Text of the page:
You can expand the Combat rules, and add a little more crunch, such as Hit Locations and Strike Ranks. Strike Ranks add some depth, especially if you think dagger wielding characters might be tactically disadvantaged against someone wielding a broadsword.

And there you have it.

And don't forget Realism Rule # 1 "If you can do it in real life you should be able to do it in BRP". - Simon Phipp

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Let me just reiterate that BRP is the most inexpensive system there is for players - because they don't need a rulebook! :cool:

The base mechanics are so simple and intuitive that all the information they really need is right there on their character sheet. After all, that's what they invented character sheets for. Anything which requires flipping through the book should be easily accommodated by aforementioned sexy assistant and the GM's copy of The Book.

Dreamscape Design: Crafters of the Finest Tabletop Roleplaying Games

Dreamscape Design: My Corner of BRP Central ... Mine, All Mine! 

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It may be heretical to mention it ... but GORE, the Mongoose Runequest SRD, and the old Worlds of Wonder version of BRP are all available as free PDFs at various locations on the web. So you could get your feet wet without spending a dime. Of course, these versions wouldn't have all the nifty options and refinements contained in the current $40 phonebook-sized BRP core rulebook. But you could quickly get a feel as to whether you like the general system or not.

And the money you saved on minis and battlemats can go toward printing costs. :D

P.S. Don't swat your sexy assistant with that core rulebook. It's pretty hefty, and you might get a critical.

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It should be noted, though, that the aforementioned sexy assistant is an absolute requirement to run BRP. If you don't have one, you can't play. Period.

Unless, of course, you hire one. But doing so can begin to erode the relatively inexpensive nature of the rules if your game sessions run more than an hour or so >:->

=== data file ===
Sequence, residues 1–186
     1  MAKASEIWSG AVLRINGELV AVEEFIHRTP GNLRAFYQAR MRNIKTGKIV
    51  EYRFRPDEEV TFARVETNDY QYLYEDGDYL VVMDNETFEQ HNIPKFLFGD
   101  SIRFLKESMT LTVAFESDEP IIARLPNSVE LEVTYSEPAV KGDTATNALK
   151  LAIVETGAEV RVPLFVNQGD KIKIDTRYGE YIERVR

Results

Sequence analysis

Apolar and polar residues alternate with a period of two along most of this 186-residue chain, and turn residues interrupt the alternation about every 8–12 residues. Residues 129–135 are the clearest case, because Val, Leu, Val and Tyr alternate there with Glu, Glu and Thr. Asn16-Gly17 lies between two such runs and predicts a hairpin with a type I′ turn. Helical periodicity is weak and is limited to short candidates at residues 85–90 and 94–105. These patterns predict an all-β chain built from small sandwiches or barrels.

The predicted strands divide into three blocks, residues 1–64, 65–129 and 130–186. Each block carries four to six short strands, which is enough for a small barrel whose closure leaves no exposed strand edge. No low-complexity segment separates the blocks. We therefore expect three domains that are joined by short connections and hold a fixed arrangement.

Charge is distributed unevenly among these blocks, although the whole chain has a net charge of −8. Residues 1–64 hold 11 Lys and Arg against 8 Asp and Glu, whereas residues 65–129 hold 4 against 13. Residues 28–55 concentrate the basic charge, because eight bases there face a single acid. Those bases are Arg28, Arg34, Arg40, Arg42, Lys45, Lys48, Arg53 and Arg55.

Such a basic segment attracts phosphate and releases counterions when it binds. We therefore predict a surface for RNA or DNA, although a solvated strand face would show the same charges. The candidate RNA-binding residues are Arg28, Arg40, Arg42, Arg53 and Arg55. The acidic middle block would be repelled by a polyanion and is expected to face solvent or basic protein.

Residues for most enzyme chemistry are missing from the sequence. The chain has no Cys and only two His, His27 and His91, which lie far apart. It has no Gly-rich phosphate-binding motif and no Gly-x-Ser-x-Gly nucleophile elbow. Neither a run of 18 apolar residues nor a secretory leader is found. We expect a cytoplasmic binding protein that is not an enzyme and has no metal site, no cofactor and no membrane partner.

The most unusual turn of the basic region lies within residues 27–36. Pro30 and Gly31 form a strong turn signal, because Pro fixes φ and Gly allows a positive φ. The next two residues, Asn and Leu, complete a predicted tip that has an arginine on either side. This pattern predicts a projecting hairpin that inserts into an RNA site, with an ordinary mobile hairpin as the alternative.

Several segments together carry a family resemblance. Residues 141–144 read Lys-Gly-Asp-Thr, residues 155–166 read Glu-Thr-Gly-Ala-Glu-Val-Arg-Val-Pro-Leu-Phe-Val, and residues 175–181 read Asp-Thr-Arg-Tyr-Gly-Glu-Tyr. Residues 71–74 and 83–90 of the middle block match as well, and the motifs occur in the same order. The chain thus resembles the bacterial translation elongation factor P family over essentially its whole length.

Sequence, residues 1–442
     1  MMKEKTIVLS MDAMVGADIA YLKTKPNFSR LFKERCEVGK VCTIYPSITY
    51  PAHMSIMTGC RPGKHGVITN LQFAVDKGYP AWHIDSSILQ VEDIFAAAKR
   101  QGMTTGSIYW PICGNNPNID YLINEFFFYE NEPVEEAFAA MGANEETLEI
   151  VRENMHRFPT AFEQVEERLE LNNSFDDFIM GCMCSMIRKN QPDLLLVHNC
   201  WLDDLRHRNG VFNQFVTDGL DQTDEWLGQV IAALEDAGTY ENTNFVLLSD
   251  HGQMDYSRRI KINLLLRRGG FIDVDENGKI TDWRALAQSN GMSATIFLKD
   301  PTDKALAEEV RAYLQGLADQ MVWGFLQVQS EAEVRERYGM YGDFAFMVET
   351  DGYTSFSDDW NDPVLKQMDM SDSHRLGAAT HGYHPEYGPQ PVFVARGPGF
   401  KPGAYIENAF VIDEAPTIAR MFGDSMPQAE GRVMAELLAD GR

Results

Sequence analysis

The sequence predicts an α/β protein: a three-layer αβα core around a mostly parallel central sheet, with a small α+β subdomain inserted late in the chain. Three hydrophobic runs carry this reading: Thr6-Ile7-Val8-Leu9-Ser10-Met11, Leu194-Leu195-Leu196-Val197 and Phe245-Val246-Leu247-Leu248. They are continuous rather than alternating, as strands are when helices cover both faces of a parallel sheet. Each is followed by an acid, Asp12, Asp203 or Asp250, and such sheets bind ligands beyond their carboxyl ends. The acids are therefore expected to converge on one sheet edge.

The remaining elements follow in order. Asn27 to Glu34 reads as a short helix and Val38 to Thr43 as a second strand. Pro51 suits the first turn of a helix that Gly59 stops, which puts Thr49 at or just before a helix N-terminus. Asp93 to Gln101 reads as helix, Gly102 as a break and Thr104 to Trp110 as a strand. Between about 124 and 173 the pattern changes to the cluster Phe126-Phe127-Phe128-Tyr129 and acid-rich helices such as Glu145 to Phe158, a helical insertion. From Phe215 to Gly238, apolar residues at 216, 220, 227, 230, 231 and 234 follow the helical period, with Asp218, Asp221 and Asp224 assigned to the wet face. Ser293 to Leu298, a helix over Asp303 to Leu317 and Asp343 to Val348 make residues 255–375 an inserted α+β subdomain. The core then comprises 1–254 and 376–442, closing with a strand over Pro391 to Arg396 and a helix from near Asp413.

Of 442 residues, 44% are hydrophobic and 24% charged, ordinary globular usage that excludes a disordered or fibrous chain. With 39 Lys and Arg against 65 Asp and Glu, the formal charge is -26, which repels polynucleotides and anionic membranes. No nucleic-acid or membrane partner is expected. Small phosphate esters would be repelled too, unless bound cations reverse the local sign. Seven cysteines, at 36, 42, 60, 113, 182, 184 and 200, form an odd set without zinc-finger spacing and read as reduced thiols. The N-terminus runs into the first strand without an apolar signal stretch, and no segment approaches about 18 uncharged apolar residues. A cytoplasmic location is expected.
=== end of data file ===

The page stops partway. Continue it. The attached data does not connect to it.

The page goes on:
75/420

---

Geek blogging at http://strangestones.com

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I'm looking for a generic, rules lite system to use for a new campaign. I'd like to learn more about Basic. The campaign will have mystery/intrigue, sci-fi and horror elements, set in the modern time, with psionics.

Sounds like a fun idea.

Here's what I'd like in a system ...

Easy to learn

At its core, BRP has a simple skill resolution that takes a few seconds to learn, a simple combat system that takes a few minutes to learn and a number of magic options that take a few minutes to learn.

No minis/battlemat needed

None needed, but it can be played with or without figures/battlemaps as required/preferred.

No advantages/disavantages system (the GURPS system destroyed my previous campaign)

No advantage/disadvantage system in core BRP. However, some BRP games have advantages/disadvantages and some people like them. EWven if introduced, they would be optional and therefore could be used or discarded at will.

Inexpensive for the other players to begin/quote]

Buy the PDF. Copy it to Disk. Make some backups onto a number of CD-ROMS. Give each CD-ROM to a player and ask them to keep it safe in case you lose your hard disk.

Alternatively, the players could download the PDFs for reference.